A highly-traveled Florida interstate highway has tragically earned the title “the deadliest road in the country.”
The 132-mile long stretch known as I-4 ranked highest overall in a study conducted by global positioning system company, Teletrac Navman.
Popular with residents, commuters, and tourists, I-4 serves as a connector for the major hubs of Tampa, Orlando, and Daytona Beach.
165 fatalities were recorded on I-4 between 2011 and 2015, making the 1.25 deaths per mile ratio at the top of the country’s list.
According to the study, the second deadliest road was the 285-mile long I-45 which runs from Dallas to Galveston. The statistics for I-45 showed 1.018 deaths per mile from 2011 to 2015.
Florida’s Highway 192 ranked in third place on the list of the deadliest roads in the United States. At just 75 miles long, the Central Florida highway reported 65 deaths within the same time period.
Connecting Sault Ste Marie, Michigan to Miami Lakes, Florida, I-75 documented more than 1,000 deaths on its 1,786 miles of highway.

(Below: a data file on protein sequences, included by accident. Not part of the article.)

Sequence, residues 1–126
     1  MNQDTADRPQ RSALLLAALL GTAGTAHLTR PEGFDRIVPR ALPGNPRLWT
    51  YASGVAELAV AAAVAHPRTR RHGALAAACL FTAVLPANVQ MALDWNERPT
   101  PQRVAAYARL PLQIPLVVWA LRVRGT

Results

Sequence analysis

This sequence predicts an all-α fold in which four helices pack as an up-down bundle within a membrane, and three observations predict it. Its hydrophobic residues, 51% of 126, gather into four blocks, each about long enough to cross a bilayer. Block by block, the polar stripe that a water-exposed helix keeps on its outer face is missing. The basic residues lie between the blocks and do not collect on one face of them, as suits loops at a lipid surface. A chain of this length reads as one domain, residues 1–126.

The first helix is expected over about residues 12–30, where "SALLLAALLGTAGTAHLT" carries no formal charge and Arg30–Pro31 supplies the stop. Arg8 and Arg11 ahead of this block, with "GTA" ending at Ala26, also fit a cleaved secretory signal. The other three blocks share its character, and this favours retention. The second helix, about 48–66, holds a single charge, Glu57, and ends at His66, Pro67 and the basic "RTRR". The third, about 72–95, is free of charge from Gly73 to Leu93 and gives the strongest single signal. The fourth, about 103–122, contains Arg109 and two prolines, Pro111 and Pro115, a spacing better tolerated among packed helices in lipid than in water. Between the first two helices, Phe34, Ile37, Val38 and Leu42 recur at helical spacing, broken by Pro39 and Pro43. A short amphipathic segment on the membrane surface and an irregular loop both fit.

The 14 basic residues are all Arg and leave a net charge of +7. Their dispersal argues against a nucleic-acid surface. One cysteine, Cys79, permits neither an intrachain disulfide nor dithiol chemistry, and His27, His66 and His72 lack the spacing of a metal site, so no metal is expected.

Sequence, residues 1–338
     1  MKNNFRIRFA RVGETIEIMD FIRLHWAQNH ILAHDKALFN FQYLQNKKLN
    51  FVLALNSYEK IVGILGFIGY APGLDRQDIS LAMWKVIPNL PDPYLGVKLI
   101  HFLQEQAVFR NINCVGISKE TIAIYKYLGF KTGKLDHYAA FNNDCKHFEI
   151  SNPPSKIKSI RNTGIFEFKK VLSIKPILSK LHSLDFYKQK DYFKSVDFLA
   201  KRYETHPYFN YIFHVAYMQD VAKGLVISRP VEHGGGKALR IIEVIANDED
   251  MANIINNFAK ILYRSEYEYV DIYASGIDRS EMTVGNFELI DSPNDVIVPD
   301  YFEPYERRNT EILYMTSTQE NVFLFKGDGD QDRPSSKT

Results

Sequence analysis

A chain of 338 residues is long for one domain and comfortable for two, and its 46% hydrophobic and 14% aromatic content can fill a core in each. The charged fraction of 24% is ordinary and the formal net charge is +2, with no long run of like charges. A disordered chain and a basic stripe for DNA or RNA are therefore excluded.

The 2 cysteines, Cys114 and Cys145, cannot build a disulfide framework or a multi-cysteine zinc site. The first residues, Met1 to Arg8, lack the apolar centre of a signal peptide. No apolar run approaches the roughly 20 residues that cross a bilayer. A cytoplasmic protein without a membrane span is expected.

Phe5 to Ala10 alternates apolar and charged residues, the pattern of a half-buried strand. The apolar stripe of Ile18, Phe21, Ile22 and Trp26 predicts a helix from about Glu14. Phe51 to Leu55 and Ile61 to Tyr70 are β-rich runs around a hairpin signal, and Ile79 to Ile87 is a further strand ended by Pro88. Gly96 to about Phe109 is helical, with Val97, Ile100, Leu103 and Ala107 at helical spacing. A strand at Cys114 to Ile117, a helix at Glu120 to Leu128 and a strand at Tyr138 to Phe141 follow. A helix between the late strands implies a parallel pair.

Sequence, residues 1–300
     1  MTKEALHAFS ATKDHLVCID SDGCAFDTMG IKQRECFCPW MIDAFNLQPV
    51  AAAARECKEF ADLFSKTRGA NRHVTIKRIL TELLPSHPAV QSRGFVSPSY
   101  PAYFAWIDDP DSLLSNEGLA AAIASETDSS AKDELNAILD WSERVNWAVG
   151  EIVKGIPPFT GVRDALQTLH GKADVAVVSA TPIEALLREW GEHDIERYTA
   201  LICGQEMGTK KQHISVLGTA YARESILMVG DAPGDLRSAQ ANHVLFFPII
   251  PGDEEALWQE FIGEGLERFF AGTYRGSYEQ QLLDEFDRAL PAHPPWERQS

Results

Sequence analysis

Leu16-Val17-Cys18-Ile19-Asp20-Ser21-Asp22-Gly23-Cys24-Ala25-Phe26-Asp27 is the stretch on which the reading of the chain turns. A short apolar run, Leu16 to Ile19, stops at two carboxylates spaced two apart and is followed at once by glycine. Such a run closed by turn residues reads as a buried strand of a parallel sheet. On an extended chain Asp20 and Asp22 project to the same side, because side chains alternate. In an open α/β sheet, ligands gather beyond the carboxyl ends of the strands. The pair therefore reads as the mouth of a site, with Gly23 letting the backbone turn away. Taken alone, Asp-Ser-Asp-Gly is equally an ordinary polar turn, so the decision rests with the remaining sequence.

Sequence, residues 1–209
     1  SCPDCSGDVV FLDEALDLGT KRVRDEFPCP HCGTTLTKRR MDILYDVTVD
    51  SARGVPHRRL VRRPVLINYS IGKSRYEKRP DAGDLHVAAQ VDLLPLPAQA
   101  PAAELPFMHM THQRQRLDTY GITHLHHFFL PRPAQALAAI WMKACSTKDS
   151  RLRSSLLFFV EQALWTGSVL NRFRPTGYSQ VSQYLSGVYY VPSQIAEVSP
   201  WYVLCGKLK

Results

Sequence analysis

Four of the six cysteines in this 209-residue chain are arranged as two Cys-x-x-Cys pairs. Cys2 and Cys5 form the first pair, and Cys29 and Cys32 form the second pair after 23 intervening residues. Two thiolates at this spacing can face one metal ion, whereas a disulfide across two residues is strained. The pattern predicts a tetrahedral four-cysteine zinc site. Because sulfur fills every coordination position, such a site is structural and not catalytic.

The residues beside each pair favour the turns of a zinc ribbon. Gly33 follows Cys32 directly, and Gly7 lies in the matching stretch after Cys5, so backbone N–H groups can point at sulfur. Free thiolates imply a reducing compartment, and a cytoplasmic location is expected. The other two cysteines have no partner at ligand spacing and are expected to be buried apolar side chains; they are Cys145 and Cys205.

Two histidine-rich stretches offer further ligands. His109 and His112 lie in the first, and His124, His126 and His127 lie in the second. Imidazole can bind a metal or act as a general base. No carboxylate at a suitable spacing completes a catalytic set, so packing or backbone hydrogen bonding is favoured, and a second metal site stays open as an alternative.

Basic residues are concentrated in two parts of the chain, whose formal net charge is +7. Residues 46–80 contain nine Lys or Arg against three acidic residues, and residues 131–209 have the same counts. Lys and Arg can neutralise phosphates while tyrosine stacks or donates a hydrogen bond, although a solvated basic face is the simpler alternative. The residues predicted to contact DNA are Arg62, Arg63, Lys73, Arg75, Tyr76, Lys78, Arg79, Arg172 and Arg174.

Interstate 95, which measures nearly 2,000 miles from Miami to Weston, Massachusetts, tallied more than 1,400 deaths according to the survey.
US Hwy 1, from Ft. Kent, Maine to Key West came in #24 on the list. At almost 2,400 miles, the road had 980 deaths reported, making it’s .414 deaths per mile nearly last in the top 25.
The research studied many aspects of fatality rates for the listed roads. It’s data concluded that for Interstate 4, January was the most likely month for deadly accidents. The study also determined that Sunday was the deadliest day of the week, and the hour with the most fatalities was between 2:00 am – 3:00 am.
The statistics for I-95, US1, and the other 23 most dangerous roads in America can be found on Teletrac Navman’s website.
The Florida Highway Patrol say they continue to find the same problems along Florida’s roadways: drivers going too fast, distracted driving, and failure to use caution.
For the safest driving experience, follow the laws of the road, obey speed limits, avoid distractions such as phone calls and texts, and use caution at all times.